Posted by & filed under MA Online Journalism, Mashed Festivals, Multimedia.

Since October last year I’ve been researching and developing my idea of bringing Mobile Journalism to Music Festivals. As festival season kicked off the website started to take shape. With help from Caroline Beavon, a few early experiments in uploading and curating content took place at Glastonbury, Sudoeste in Portugal and Off The Cuff in Birmingham but the main target was a full blown operation at Shambala Festival which took place on August Bank Holiday weekend 2010.

I’ve spent a lot of time developing the site and defining the brand over the summer, it’s still very much in development. In fact, one of the main advantages of working with Shambala was that they were open to new ideas and willing to help us develop, but naturally there was a degree of reciprocation with this relationship.

Shambala suggested Mashed Festivals (MF) offered media training to teenagers and taught them how to produce online content using mobile techniques. I wasn’t too keen to do this in the beginning as I wanted content on the MF site to be professionally captured from a team of journalists with different expertise. The best stuff for the site would be produced by my core team which would set the bench mark for the quality of the user generated content (UGC) – I was concerned the teenage training element would devalue this.

I couldn’t have been more wrong. With the cooperation of Shambala we sent out an invitation to all teen ticket members and cherry picked a small team of six girls and boys who were enthusiastic and talented to boot who became the MF Press Gang. Their final output which comprised 40 stories on the mobile optimised microsite is of such a high standard that I’m now moving away from the idea of curating unfocussed UGC altogether.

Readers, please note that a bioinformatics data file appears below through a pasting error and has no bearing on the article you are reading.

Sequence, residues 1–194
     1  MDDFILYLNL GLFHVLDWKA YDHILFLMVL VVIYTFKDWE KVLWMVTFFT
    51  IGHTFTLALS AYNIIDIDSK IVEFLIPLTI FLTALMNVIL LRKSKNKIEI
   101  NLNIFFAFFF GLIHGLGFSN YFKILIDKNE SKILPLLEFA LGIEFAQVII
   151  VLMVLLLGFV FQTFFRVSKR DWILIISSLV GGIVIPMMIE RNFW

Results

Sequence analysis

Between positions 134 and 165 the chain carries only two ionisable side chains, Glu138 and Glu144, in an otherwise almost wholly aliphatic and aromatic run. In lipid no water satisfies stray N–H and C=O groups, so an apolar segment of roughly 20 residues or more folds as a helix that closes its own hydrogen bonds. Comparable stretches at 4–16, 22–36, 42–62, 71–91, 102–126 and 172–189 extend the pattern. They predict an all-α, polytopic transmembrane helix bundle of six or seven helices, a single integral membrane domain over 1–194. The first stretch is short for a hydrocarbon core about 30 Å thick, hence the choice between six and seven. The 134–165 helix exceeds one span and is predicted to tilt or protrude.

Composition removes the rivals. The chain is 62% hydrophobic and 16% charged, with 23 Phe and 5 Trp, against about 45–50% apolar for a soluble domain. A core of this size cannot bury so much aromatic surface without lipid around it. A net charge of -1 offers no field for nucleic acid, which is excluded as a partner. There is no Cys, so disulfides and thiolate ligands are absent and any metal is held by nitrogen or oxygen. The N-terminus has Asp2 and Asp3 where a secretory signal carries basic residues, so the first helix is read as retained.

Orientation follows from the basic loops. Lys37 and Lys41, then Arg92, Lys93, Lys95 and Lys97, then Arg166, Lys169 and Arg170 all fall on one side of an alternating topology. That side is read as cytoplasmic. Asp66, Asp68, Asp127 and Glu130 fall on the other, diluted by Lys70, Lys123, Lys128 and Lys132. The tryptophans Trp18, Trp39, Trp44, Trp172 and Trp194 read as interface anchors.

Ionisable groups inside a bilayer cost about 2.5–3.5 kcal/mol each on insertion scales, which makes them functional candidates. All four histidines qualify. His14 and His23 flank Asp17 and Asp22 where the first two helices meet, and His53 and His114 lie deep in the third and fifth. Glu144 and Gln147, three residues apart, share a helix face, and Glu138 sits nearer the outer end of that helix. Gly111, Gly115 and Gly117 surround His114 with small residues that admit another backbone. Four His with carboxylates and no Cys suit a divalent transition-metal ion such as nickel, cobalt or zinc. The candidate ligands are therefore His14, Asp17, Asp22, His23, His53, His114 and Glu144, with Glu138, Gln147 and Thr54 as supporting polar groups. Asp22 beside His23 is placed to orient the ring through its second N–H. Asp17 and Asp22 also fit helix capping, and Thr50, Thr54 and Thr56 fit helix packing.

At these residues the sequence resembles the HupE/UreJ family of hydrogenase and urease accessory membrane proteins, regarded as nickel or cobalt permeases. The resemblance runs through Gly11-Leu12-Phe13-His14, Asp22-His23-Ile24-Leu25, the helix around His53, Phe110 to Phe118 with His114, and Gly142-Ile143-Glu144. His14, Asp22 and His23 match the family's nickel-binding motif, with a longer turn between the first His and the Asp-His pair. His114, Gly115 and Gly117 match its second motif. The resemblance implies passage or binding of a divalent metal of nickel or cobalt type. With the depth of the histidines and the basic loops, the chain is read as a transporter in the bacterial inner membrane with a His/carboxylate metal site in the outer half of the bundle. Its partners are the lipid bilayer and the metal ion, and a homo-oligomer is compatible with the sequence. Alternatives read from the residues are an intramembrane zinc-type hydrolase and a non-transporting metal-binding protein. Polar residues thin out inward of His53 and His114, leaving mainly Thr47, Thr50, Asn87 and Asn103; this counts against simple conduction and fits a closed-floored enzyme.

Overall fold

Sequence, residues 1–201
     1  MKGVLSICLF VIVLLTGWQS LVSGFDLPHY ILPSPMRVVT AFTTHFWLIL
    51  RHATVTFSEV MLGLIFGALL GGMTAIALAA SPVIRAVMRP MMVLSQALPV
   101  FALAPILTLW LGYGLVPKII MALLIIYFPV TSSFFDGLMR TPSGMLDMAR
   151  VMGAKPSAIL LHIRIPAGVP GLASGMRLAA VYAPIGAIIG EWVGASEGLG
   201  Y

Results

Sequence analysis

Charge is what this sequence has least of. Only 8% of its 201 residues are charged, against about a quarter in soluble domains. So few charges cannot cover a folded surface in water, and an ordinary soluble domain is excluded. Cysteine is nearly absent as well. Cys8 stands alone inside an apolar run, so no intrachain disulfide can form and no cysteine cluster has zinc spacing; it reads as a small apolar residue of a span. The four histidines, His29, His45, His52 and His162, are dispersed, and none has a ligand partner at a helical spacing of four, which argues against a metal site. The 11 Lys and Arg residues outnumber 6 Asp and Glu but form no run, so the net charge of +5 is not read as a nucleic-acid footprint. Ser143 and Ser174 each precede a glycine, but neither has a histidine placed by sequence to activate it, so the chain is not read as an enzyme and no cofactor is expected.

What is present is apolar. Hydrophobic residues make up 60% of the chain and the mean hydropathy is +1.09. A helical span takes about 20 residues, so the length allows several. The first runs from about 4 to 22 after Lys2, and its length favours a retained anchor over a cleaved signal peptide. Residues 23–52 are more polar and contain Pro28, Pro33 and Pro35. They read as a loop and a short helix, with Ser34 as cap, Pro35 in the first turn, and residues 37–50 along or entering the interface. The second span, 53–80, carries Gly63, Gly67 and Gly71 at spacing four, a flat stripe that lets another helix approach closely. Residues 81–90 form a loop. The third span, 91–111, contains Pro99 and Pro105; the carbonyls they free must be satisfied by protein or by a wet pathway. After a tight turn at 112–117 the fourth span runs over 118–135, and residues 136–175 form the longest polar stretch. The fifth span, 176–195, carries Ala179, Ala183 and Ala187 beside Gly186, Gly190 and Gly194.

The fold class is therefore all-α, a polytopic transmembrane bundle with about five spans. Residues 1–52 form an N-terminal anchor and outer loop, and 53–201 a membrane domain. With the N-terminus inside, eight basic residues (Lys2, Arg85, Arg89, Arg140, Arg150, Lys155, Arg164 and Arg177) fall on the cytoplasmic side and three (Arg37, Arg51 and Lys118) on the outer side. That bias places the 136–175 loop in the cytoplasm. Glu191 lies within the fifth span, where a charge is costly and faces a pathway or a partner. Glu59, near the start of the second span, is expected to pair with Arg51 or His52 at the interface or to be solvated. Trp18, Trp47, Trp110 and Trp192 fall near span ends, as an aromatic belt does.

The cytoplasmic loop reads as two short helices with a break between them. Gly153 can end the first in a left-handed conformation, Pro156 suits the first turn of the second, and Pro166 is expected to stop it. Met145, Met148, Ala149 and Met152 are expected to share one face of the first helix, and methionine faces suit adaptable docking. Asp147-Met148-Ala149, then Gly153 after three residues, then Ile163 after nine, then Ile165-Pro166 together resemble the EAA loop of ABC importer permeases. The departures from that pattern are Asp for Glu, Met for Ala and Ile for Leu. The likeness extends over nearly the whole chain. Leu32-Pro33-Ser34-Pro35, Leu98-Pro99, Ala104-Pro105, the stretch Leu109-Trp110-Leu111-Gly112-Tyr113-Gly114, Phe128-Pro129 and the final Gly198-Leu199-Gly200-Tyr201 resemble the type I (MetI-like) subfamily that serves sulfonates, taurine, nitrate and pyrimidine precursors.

I still kept my professional core team who had a breadth of experience but were able to specialise and train in certain areas. I offered advice and assistance in photography, Juliet Spare advised on audio and Jon Kennard’s expertise lie in film and video. Caroline Beavon was in control of the process of collation and uploading.

Jon Kennard details his experience training for video with Hannah Lepper and Kyle Douglas here.

Both Iona Berry and Holly Game were studying photography at college. Iona brought her own camera and was pretty self-sufficient. We provided Holly with a camera and she needed a little more encouragement and guidance. I offered advice on what looked good online and stressed the importance of speed rather than spending days filtering and treating photos.

None of the teenagers had any experience in audio but wanted to learn so Juliet trained two members of the press gang. Josephine Gilbert learnt very quickly delivering perceptive interviews.

Listen!

Listen!

Piers Baker experimented with different media and with contributions from his girlfriend Phoebe and other members, delivered some excellent self contained packages.

Listen!

Listen!

Some of the best material came when the gang teamed up to combine skills. My favourite examples being the slideshows. Which included contributions from all the group.

My favourite experience was taking the Press Gang backstage for the first time, showing them how to gain access, secure interviews and find the person in charge! This resulted in a wealth of material and a superb interview.

I was very pleased the Press Gang didn’t just stick to one skill. Being competent in a few different fields is important for journalism overall these days and vital for Online Journalism.